Heretic Groups

  • Medieval Era
  • 3 mins

By Crusader1307

During The Middle Ages, various collectives of people throughout Europe began to question the authority of The Church. It also came into play that many had different opinions regarding Jesus Christ, The Bible and it's teaching. To disagree with The Church meant excommunication or even physical death (execution). Still as the corruption of The Church worsened, so to did the rise of Reformers. These Reforms were bent on changing The Church from “the outside”. The Church branded these groups “Heretics”. Often Regional Monarchs were pledged to obey The Church in the persecution of such. Most Royalty agreed with The Church. Such “independent thought” was dangerous and could lead to revolts against their authority as well. There were many such Heretical Groups operation during The Middle Ages. Their list is long. Provided is a “short list” of the most “vilified”:



THE ALBIGENSES
An offshoot of The Cathar Movement, they formed in Southern France around 1144 A.D. By 1167, their numbers had grown so, that they even formed a “Council”. They renounced “worldly” possessions, sexual intercourse, the eating of meat, and refused to attend Church regularly. Albigenses were responsible for the assassination of a Papal Legate in 1208. A Papal “Crusade” was leveled at them. In 1244, at their final stronghold of Montsegur, they were all but slaughters. The “few” survivors went “underground”. The Albigenses are not heard from past the 15th Century.



THE ARIANS
Arianism's principle belief was that Christ was “separate” from God (and even created differently). They developed in the 3rd Century. Their “message” actually began to grow (which upset the early Church). Viciously suppressed by Constantine and The Council of Nicea, most of The Arians vanished by the 5th Century.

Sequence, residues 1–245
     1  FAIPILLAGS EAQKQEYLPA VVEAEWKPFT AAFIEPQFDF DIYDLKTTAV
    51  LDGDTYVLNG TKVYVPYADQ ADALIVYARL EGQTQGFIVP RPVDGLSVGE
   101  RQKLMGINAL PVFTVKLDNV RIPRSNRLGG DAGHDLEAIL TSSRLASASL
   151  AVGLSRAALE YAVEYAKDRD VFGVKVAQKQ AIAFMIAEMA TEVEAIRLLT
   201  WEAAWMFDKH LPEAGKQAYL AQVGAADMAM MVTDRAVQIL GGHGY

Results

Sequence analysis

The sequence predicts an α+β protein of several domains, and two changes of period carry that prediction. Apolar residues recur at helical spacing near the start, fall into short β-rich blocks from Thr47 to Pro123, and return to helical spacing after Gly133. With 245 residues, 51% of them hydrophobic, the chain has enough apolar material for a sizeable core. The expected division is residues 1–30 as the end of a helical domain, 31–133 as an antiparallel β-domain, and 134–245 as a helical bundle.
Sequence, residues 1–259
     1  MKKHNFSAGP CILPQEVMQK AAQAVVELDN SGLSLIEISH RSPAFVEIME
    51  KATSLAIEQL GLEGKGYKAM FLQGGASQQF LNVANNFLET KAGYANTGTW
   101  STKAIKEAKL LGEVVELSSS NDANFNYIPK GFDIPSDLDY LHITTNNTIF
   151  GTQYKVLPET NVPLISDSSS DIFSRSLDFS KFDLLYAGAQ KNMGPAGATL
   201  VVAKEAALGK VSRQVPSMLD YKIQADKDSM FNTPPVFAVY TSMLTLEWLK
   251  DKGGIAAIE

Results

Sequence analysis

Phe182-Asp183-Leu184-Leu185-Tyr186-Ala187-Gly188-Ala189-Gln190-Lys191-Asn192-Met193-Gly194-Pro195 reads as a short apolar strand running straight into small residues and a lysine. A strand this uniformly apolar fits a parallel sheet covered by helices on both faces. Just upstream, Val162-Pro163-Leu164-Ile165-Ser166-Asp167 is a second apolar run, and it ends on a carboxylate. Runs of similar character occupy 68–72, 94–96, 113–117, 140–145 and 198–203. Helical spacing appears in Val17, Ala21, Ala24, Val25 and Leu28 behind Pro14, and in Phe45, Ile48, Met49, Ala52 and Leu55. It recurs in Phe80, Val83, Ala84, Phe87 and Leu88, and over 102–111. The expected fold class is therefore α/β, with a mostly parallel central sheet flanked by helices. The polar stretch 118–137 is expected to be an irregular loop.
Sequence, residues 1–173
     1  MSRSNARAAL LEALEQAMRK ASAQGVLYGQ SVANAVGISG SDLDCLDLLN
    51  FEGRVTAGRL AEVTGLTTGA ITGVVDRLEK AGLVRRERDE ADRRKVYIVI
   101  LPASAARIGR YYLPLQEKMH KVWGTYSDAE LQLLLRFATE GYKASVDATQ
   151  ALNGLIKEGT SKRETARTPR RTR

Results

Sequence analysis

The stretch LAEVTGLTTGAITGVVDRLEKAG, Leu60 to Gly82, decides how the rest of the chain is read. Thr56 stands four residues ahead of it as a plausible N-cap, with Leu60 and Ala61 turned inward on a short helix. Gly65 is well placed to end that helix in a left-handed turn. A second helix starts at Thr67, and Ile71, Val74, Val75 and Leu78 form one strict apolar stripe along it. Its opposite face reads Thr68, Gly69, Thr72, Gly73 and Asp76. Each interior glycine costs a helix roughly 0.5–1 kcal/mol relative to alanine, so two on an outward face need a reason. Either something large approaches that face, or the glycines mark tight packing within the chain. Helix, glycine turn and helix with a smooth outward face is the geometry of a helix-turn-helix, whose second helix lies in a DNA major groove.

THE BOGOMILS
Seen around the 14th Century, The Bogomils followed many principle of the more ancient Gnostics. Their primary belief was that there were “2 Gods” (one Good and one Evil). They developed a slight following in Eastern Europe. Papal Crusades wiped them out (except for a few survivors).



THE BRETHREN OF THE FREE SPIRIT
Briefly popular in the 13th Century, The Brethren of Free Spirit, developed in several Germanic Countries. They stated that human will “was supreme”. So did The Papal Crusade against them. Their Cult was not heard from past the 14th Century.



CATHARS
The main “Wheel” of Heretical religions (and creating many similar Branches), The Cathars started in the early 11th Century. They renounced all pleasures and vices and argued against The Church and it's ”excess”. Seen in France and Italy, The Cathers were all but exterminated by a “wrathful” Church.

 

 

HUSSITES
Reformists from the 13th Century, they formed in Upper Germanic Nations (spreading into many Lowland Countries). The Hussites believed in the “theory” of Transubstantiation, (but recognized the Altar items used as “plain” bread and wine. Not as large as some Groups, they were persecuted and are not seen much past the 15th Century.



MANICHEANS
The theory of Manicheanism was seen in the 4th Century A.D. In practice, they stated that Salvation could only be achieved by total rejection of the body. Matter was seen an “darkness and evil”. Seen in Upper Italy (and supposedly Spain). They were persecuted by the early Church and are not heard from by the 5th Century. Some of their “theories” were later adopted by other Heretical Groups.



NESTORIANS
Nestorianism was a major problem to the early Church. Many were starting to become followers of their belief system. They though Christ had 2 distinct personalities and that Mary could NOT have been his Mother (as no human could contain such “power”). Mary was seen as giving birth to the “human” Jesus and NOT the “spiritual”. They were finally suppressed (to some degree) by the 6th Century.



WALDENSIAS
The Waldensians were originally “crafted” by The Church to combat Catharism. They began to turn on The Church and concentrated on graft, vices and excess. They developed a large following in Germany. They were effectively suppressed by the 14th Century.